Warren Gerds/Critic at Large: Review: ‘Company Christmas Party’ a campy mix

Warren Gerds/Critic at Large: Review: ‘Company Christmas Party’ a campy mix

The show at Reifs Mills includes a mean CEO.

PHOTO: Nick Ruzek, left, is Nick Slick, a company's marketing director, and Bill Mamarow is CEO E.E. Moneywort in The Palace of Reifs Mills Event Dinner Theatre production of "The Company Christmas Party." The Palace of Reifs Mills Event Dinner Theatre photo

REIFS MILLS, Wis., (WFRV) – A new CEO has arrived at The Christmas Company just in time for the company Christmas party. E.E. Moneywort has his eye on downsizing or selling or closing the operation, which deals solely in Christmas stuff. The company is stuck in the past. Memos are still done by dictation, not email. The sales trend is down, down, down. The future is bleak. A lot of the employees are older than dirt. The CEO cares little about the company that was started by his grandmother. The employees want to make merry anyway and celebrate the season no matter what.

That’s the setup for “The Company Christmas Party,” which The Palace of Reifs Mills Event Dinner Theatre is putting on through Dec. 14. Info: www.palaceofrm.com.

The show is part corny and part camp (4 stars out of 5 for the campiness) as it sends zingers at the all-too-familiar corporate climate. By coincidence, a woman at my table was wondering about her job future because the company she works for is considering moving half her department to another state. Her company Christmas party may be a case of déjà vu for her.

The show’s company Christmas party includes:

- Reports to Moneywart (Will Mamerow) by his department heads who include Nick Slick in marketing (Nick Ruzek) and Frank Fossil in sales (Lloyd Gosz).

- Singing featuring Gosz on synthesizer – sometimes in cheesy getups – and other cast members in multiple roles (Mike Brown, BJ Mamerow and Carol Nicks).

- Sing-alongs, sometimes led by the cast, sometimes led by people from the audience.

- Visits from the jolly old elf himself, with an elf, plus Mr. Showmanship, Liberace.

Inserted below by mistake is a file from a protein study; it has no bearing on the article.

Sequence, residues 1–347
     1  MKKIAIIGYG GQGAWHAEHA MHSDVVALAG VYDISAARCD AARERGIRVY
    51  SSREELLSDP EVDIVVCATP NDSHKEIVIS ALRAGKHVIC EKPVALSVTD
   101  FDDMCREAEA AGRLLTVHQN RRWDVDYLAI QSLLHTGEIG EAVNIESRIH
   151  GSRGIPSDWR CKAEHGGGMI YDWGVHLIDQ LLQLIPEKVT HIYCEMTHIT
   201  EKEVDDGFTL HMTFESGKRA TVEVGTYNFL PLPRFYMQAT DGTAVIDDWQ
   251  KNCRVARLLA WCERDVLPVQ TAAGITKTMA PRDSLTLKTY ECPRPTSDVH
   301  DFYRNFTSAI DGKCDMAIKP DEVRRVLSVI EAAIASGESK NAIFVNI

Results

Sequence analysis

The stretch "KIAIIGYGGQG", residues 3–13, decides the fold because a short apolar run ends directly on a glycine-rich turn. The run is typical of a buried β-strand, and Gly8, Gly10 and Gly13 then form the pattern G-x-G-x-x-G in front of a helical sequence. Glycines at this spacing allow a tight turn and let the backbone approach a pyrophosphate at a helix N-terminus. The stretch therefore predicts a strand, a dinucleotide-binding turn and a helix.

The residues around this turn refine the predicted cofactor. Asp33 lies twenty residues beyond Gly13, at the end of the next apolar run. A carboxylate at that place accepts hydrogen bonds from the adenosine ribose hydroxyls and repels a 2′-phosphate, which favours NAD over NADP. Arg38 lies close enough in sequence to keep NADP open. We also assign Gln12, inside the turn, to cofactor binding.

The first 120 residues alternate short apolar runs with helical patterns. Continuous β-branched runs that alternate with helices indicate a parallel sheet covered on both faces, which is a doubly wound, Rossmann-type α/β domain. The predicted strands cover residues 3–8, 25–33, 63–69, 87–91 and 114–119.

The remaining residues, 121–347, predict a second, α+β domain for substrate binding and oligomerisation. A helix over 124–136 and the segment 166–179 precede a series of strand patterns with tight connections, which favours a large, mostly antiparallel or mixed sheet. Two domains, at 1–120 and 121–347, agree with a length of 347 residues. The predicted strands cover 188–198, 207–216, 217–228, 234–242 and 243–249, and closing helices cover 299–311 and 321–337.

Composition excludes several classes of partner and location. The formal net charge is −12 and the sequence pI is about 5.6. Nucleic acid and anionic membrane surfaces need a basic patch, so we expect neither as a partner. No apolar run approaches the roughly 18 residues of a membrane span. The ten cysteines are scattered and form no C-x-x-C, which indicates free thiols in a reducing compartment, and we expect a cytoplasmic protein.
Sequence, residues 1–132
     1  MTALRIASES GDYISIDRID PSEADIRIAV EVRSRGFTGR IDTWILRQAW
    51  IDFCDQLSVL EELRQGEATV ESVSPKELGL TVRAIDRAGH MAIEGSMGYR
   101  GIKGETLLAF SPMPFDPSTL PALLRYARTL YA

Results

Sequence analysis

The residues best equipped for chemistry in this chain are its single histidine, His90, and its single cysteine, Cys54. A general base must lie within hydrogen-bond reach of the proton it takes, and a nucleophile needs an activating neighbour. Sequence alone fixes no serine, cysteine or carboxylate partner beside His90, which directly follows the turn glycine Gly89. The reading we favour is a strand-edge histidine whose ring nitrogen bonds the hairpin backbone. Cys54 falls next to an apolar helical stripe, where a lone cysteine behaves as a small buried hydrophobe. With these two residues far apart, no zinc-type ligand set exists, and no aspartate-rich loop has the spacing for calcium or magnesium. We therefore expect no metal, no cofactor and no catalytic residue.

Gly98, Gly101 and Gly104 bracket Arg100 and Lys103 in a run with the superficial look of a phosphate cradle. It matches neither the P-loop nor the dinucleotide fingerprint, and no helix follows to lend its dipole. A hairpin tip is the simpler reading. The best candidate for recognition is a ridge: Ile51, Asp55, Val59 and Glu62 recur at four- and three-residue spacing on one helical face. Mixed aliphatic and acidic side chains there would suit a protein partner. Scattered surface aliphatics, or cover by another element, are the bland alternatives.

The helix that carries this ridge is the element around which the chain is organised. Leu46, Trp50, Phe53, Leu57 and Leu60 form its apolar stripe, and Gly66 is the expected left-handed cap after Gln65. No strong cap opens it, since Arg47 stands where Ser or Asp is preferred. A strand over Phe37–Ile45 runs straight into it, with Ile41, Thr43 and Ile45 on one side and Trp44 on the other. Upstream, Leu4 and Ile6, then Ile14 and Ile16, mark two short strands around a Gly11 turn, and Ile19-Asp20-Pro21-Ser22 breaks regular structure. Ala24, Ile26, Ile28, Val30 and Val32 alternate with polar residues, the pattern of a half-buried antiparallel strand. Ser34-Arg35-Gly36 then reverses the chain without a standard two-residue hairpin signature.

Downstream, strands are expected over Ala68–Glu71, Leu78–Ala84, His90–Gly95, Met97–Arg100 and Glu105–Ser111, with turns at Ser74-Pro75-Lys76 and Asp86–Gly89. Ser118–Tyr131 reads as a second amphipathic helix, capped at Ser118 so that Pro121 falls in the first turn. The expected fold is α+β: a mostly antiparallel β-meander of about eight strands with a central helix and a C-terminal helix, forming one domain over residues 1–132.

- Christmas trivia galore in which you learn about the traditions of evergreens, lights, bells and more. You come out of the show a bit smarter.

- A “hypnotist.”

-Party punch spiked three times.

- Company awards.

- A plugged drain in the ladies restroom so the “plumber boy” can be called and two heart-fluttering ladies can sing “The Little Drummer Boy” with pun-filled lyrics laced with laughs.

“The Company Christmas Party” is similar to “A Christmas Carol” in that Moneywart is as cold and calculating as Ebenezer Scrooge, and their downer lives hurt the people around them until there is redemption. You definitely don’t like Moneywart when he says, “I don’t care for Christmas, I don’t like Yule.” He then breaks into song, singing “I don’t like Yule” to the tune of Elvis Presley’s “Don’t Be Cruel” with new, cold-hearted lyrics.

But tide among the employees at the Christmas party is against Moneywart as the place fills with songs, lights, games, Christmas colors and ornaments, color, jokes and touching moments.

There is a pause to reflect on why to be thankful – including living in a free country.

The employees sing “Christmas Auld Lang Syne,” and everybody sings “Silent Night.”

Along the way, the show becomes an experience.

VENUE: The 125-seat Palace of Reifs Mills Event Dinner Theatre is a “palace” because owners Bill and Barbara Mamerow say they aim to treat customers royally. The Mamerows have owned the historical place since 2001. Seating is at long tables, and action takes place on a raised stage at the south end of the hall. The building dates to around 1892. It contains a 2,500-square-foot hall, 600-square-foot bar area and spotless restrooms. The main entrance is designed to look like a tower. The interior wood floors and wainscoting are original to the building.

THE PEOPLE: The Reifs brothers owned and operated grist and sawmills, a coffin factory and a broom handle manufacturing place nearby. John Reif manufactured broom handles. The grist and sawmills were operated by Anton and Louis Reif. Anton Reif made coffins and, later, butter churns. Peter Reif made sun clocks. All this took place through the last quarter of the 19th century.

AHEAD: “Ireland Forever,” March 14-16; “Grand ol’ Branch River Opry,” April 25-27; “Those Golden Gals,” June 27-29; “Reifs Mills Late Night #1 Cable Show,” Aug. 15-17; “Palace Polka Show,” Oct. 17-19; “WNPO-North Pole Radio,” Dec. 6-13.

You may email me at warren.gerds@wearegreenbay.com. Watch for my on-air features on WFRV at 6:45 p.m. Thursdays and every other Sunday between 6 and 8 a.m. (usually around 7:45 a.m.)

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